All bets are off in the world of economic and geographic population forecasting.
The financial crash that left businesses, families and governments reeling also stripped forecasters of reliable trend-lines with which to predict the future.
Today, no one can say with any degree of certainty whether local, state or national economies will grow or decline in the foreseeable future. That's because it's impossible to rely on the trends of the last decade to predict what's going to happen in the next one.
Demographers can't tell us where citizens will live or what kinds of industries will sustain them.
Right now, it's easier to put a man on the moon than to predict what the nation's economy will look like in the next decade.
Why? Because no one alive today has ever seen an economic climate like this in their lifetimes—the worst in 80 years.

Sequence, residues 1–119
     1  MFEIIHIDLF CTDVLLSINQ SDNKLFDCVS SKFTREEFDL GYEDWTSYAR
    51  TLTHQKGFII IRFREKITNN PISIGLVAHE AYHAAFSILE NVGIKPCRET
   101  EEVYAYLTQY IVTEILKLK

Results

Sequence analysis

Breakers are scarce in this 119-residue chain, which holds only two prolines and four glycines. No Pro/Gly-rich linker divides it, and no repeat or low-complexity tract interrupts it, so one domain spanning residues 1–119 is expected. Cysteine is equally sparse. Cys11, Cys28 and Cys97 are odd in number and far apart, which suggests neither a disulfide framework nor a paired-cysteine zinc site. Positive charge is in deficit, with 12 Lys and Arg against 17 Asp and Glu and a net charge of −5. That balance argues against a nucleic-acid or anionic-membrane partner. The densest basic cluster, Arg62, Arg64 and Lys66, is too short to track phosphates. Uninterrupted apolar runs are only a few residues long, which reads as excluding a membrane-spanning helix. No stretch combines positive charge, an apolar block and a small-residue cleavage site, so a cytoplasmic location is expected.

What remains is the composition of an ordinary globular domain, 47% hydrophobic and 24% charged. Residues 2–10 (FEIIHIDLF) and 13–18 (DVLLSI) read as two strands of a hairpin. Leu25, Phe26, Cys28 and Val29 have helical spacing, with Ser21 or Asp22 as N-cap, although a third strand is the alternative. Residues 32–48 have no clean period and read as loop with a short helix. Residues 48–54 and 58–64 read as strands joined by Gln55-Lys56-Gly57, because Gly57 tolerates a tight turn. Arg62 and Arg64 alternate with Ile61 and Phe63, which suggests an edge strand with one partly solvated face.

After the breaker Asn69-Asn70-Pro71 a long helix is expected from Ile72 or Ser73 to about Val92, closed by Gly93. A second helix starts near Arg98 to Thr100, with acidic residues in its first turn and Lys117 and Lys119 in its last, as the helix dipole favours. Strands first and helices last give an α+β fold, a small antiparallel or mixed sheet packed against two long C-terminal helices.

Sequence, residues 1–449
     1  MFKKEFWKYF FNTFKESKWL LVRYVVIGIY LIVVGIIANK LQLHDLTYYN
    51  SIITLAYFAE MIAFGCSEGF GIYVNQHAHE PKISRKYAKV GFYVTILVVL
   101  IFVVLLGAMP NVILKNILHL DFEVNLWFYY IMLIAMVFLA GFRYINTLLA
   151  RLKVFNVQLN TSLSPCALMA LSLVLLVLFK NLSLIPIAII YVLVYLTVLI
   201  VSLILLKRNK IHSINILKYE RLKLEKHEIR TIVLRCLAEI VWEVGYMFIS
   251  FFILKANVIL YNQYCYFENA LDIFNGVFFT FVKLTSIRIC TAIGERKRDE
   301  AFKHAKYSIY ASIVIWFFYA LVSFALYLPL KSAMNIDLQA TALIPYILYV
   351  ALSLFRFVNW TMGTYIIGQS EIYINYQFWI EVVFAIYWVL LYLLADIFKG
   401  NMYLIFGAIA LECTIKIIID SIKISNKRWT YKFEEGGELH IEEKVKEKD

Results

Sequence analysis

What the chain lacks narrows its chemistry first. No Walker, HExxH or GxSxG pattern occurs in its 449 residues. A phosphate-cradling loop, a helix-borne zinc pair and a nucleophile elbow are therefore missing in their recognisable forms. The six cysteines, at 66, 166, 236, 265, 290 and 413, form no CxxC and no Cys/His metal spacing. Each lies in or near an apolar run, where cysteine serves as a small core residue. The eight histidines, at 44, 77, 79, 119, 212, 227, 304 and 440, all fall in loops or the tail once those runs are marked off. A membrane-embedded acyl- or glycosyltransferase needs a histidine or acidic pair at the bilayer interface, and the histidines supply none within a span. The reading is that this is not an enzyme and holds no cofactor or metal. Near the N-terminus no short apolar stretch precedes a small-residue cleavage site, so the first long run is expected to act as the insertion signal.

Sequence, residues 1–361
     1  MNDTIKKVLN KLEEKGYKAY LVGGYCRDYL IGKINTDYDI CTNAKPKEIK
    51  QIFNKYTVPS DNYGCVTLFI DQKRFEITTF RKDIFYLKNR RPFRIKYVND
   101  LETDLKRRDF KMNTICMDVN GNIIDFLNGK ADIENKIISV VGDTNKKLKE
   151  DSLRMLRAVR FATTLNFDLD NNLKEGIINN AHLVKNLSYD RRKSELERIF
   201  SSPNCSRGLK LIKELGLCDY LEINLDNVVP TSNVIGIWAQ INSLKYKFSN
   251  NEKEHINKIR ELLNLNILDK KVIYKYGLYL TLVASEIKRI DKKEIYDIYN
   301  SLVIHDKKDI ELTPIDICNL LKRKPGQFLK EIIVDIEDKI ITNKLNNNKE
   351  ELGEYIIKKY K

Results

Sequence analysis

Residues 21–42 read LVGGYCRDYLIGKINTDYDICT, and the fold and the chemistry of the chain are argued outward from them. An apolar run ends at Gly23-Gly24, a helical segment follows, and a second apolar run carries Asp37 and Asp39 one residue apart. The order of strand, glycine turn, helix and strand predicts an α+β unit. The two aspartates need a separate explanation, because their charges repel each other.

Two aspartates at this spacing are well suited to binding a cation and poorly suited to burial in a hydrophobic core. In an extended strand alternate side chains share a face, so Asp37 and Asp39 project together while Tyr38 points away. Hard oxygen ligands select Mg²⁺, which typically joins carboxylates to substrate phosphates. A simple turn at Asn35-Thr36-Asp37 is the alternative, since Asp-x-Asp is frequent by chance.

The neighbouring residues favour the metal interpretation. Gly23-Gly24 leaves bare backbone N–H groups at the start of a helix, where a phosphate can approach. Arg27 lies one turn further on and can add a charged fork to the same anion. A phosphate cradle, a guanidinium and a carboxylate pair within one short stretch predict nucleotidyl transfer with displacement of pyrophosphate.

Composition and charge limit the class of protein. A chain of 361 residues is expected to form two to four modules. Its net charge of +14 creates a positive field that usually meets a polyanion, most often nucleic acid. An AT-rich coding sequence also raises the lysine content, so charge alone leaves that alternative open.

From the late 1990s until late last year, the only way was up—more money, more development, more toys and gadgets.
The trend could not and did not stand.
The global economic earthquake has left its victims shaken and uncertain. Americans have stopped moving and started saving. Upstart industries are trying to grow while older industries are desperately trying to reinvent themselves.
New, more reliable trends eventually will establish themselves. But until then, government and business should cast a skeptical eye on economic and population forecasts.
The recent past will not become present. To believe otherwise is to risk folly and to bet the future on a bubble that burst.